According to Dr Narayanan, 70 per cent of cancer cases are related to tobacco. Bladder cancers are also common nowadays with about 1.1 per cent of the patients being diagnosed with this kind that was rare a few years ago.
Mr Makumi says this type is now common in areas in Kenya where bilharzia is prevalent like Mwea and Lake Victoria region. Pancreas cancers also represent three per cent of all cancers reported in Kenya with rates increasing with these characterised by late diagnosis and poor outcomes.
Thyroid cancer, ranked among uncommon diseases in the world has seen an increase in number of patients in Kenya with the waiting time for treatment in hospitals in Nairobi running into months.
Liver cancer rate is going up because of the increase in alcohol use and hepatitis B infections which is blood-borne and can be transmitted sexually, Mr Makumi said.
‘‘Lung cancer is a big crisis in the western region and now we are seeing increasing numbers. It is competing for number one slot in Kenya,’’ he says.
Of concern to many oncologists are the low survival rates among these uncommon cancers because of a lack of tissue banks and interest in developing therapies due to low investment return and mainly incorrect diagnoses.
This was the case with Ms Osiche who says her troubles started in 2007 when she could wake up in the morning with excruciating pain in her legs. One doctor said that the pain was being caused by bones not fitting well.
An X-ray of the heel and feet showed the bone structure was right, but the doctor thought he had a solution. ‘‘He recommended an injection under the heel costing Sh5,000 one on each leg twice a month,’’ she says.
‘‘I refused because I didn’t have the money and was even more scared of the pain as the injection had to go through the heel to the leg ligament.’’
The pain got worse with years and she had to survive on painkillers and after “millions of hospital admissions’’ one doctor last year recommended a magnetic resonance imaging (MRI) of the spinal cord which showed she had a tumour between the vertebras, a head MRI showed she had empty sella syndrome, a disorder of the pituitary gland and a respiratory system scan showed her air passage was full of small tumours.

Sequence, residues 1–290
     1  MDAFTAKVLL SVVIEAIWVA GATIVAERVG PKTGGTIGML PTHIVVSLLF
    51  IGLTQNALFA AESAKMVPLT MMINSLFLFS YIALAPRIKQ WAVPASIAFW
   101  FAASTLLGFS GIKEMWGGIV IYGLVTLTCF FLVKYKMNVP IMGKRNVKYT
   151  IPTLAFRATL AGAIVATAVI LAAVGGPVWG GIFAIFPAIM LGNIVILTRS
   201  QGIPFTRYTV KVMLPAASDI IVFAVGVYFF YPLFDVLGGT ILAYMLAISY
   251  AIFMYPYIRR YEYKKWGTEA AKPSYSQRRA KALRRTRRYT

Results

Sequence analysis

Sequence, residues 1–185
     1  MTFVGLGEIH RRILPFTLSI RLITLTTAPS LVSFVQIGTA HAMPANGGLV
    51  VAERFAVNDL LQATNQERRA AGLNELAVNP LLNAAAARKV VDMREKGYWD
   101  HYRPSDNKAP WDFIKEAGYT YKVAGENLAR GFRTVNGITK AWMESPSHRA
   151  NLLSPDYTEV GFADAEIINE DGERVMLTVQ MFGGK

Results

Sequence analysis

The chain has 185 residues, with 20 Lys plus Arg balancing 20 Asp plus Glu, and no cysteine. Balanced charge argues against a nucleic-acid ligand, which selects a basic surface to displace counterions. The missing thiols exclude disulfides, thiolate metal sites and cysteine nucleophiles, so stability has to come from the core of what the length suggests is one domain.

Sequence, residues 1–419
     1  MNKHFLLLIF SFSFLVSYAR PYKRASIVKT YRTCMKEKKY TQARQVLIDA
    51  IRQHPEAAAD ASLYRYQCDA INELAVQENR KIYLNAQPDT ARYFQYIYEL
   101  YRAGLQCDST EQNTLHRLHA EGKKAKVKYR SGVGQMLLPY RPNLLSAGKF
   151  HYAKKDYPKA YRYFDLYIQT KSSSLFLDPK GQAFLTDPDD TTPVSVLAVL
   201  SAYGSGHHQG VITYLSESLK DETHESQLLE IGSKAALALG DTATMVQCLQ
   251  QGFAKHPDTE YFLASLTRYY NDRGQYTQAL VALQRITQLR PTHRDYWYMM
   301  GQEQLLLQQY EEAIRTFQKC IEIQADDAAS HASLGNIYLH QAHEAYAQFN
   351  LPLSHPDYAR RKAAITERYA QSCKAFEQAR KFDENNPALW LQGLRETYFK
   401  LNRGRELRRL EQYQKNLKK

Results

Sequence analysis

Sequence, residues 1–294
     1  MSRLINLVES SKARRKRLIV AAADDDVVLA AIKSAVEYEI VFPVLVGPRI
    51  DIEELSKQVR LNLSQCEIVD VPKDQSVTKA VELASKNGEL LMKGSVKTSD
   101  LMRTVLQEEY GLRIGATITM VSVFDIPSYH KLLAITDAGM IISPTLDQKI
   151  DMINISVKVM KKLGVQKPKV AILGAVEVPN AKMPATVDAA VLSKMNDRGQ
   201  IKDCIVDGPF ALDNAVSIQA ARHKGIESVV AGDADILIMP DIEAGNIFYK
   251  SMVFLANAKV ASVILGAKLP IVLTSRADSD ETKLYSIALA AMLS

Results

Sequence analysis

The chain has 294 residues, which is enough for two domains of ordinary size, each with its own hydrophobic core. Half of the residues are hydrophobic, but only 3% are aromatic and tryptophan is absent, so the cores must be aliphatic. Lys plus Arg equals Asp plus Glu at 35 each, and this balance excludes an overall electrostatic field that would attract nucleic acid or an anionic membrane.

To add to these, her stomach muscle was found to be loose.
‘‘Fluids used to flow to the chest cavity,’’ she says. ‘‘My problem now shifted from the Sh1.5 million required to remove the tumour in the spinal cord to more money required to also cut these growths in the air passage surgically, tighten my stomach muscles among others,’’ she says.
Due to the complexity of the surgeries, the doctors recommended she goes to India for treatment where some of the tumours will be removed through laparoscopy so that they don’t have to remove two vertebrae bones, open the spinal cord membranes to access the tumour and then remove it, a process that might tamper with her nervous system.
The high cost of treatment is a challenge to many cancer patients.
Dr Narayanan says there is a need to strengthen public and private partnerships to enable poor patients even get treatment in private hospitals at subsidised rates. Patients should also be allowed to access radiotherapy and chemotherapy services using the National Health Insurance Fund, he says.
As the world marks Cancer Day today, for Ms Osiche what she hopes for is to get money for treatment in India in time.